2003 Conference Proceedings

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RERC on Communication Enhancement (AAC-RERC) -Activity Update

Frank DeRuyter, PhD
Kevin Caves, BSME, ATP
Duke University Medical Center
Durham, NC
Email: deruy001@mc.duke.edu 
Email: Kevin.Caves@duke.edu 

The Rehabilitation Engineering Research Center (RERC) on Communication Enhancement (referred to as the AAC-RERC) is a partnership made of six major alternative and augmentative communication (AAC) research and development universities and the most widely-distributed AAC publisher. The project is funded by the National Institute on Disability and Rehabilitation Research (NIDRR) and is housed administratively at Duke University. Frank DeRuyter, PhD serves as the principal investigator and Kevin Caves, BSME, ATP is the project director.

The AAC RERC was designed as a "virtual center," rather than the single location center model of the past. The broad NIDRR absolute priorities presented the unique opportunity to implement a new approach to the RERC model that took advantage of existing expertise and sites in the AAC field. The AAC-RERC uses internet-based and virtual collaboration tools including video and audio conferencing, online calendars, listserves, remote computer control, and web-based data collection to coordinate and conduct activities. The seven entities (Duke University, Pennsylvania State University, Temple University, University of Nebraska-Lincoln, University of New York at Buffalo, University of North Carolina at Chapel Hill, and Augmentative Communication Inc), with the assistance of a strong participatory consumer base, focus on the research, development, training, and dissemination aspects of the center. A motto of the AAC-RERC regarding consumers of AAC technology has been "nothing about us, without us." All RERC partners have worked to ensure that consumers and their families have been, and continue to be included, in all phases of the center's activities. By collaborating with a variety of existing resources including industry, technology manufacturers, end-users, other researchers, dissemination groups, and organizations working with AAC and people with disabilities, the AAC-RERC has been able to leverage resources that far exceed that which is provided by the RERC grant award itself.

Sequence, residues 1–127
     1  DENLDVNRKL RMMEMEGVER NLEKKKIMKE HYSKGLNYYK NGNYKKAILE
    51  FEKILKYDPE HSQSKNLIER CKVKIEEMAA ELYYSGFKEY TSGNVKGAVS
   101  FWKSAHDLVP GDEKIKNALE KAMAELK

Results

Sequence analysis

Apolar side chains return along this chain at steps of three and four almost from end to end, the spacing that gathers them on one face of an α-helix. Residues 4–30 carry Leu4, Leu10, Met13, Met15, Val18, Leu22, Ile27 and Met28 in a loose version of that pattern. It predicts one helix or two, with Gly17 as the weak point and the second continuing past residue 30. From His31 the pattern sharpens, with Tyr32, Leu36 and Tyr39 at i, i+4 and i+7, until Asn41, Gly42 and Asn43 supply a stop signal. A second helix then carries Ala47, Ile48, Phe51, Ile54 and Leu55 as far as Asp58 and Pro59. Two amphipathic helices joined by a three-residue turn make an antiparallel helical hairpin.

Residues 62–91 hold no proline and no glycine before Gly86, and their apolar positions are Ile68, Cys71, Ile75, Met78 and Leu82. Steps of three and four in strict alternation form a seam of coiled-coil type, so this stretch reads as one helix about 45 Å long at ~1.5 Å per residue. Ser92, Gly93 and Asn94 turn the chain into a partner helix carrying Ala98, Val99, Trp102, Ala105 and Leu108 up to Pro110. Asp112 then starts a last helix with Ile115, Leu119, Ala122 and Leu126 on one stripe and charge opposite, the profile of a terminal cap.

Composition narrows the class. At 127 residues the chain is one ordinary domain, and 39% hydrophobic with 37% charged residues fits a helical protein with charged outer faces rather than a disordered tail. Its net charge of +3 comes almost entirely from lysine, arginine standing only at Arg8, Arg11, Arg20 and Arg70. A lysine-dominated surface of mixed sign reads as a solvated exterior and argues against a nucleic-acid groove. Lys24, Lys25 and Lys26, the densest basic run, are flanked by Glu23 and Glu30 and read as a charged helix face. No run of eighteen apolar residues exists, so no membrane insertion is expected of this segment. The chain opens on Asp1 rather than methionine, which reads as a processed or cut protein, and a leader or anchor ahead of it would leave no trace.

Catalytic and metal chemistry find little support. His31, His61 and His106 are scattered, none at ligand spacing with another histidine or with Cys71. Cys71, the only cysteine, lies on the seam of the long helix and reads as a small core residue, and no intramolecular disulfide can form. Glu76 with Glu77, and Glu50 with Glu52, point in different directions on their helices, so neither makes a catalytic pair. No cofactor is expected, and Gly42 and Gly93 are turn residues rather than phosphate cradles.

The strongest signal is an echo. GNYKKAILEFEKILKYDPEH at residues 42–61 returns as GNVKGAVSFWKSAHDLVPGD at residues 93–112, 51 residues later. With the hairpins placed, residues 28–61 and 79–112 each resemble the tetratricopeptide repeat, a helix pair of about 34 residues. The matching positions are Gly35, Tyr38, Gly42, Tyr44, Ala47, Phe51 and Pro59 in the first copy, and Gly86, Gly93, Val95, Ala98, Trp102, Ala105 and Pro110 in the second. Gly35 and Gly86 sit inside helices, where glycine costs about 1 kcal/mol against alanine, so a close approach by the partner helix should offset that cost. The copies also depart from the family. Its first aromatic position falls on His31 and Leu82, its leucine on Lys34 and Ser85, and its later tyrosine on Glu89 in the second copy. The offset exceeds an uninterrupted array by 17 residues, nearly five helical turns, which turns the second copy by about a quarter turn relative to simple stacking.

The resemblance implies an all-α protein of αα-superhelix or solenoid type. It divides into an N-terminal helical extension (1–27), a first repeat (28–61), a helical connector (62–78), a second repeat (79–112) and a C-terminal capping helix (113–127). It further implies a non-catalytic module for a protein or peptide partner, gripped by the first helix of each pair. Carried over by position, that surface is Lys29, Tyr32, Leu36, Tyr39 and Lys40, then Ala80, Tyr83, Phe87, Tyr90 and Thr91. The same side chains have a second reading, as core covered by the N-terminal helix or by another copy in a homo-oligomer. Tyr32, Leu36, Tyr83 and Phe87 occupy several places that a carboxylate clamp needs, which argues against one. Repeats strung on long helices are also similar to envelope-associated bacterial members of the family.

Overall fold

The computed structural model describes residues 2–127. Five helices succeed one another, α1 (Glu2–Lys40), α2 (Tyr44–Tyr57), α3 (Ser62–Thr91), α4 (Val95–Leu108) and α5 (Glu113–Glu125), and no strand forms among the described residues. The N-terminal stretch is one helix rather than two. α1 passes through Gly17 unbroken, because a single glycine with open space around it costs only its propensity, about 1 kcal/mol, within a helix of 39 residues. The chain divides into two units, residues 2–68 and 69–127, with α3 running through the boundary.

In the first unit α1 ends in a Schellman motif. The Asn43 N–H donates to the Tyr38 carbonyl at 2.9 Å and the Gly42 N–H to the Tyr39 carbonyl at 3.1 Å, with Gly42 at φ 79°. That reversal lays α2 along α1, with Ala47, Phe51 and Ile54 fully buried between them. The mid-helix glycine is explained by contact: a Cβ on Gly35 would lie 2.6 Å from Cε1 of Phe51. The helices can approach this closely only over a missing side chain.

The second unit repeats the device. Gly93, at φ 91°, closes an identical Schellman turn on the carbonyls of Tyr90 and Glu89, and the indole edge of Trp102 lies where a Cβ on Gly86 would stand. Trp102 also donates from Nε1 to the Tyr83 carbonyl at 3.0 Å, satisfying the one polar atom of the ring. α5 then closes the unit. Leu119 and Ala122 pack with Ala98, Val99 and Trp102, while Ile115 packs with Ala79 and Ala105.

This RERC uses innovative communications technologies to benefit researchers, engineers, speech language pathologists, educators, rehabilitation service providers, manufacturers, developers, and users of AAC technologies. The RERC (1) investigates system appeal and attitudinal barriers toward technology use by children as well as elderly people with communication disorders, their listeners, and service providers; (2) studies the organizational strategies of adult AAC users to determine if preferences are predictive of performance using AAC; (3) studies how to improve AAC technologies for young children with significant communication disorders by evaluating learning demands and functional performance (also involves development of design specifications); (4) evaluates and enhances communication rate efficiency and effectiveness through the development of procedures and software technology that simulates and measures the performance of AAC technologies; (5) identifies barriers to employment, describes strategies to overcome them, documents design specifications for AAC technologies, and describes action plans to achieve successful employment outcomes; (6) increases employment opportunities for graduates of an employment and AAC program; and (7) develops a coordinated program that monitors and seeks out technology developments in both commercial form and prerelease development stages that affect the engineering and clinical AAC field.

For more information visit:
RERC on Communication Enhancement
Duke University Medical Center
Box 3888
Durham, NC 27710
Phone: (919)681-9983
Fax: (919)681-9984

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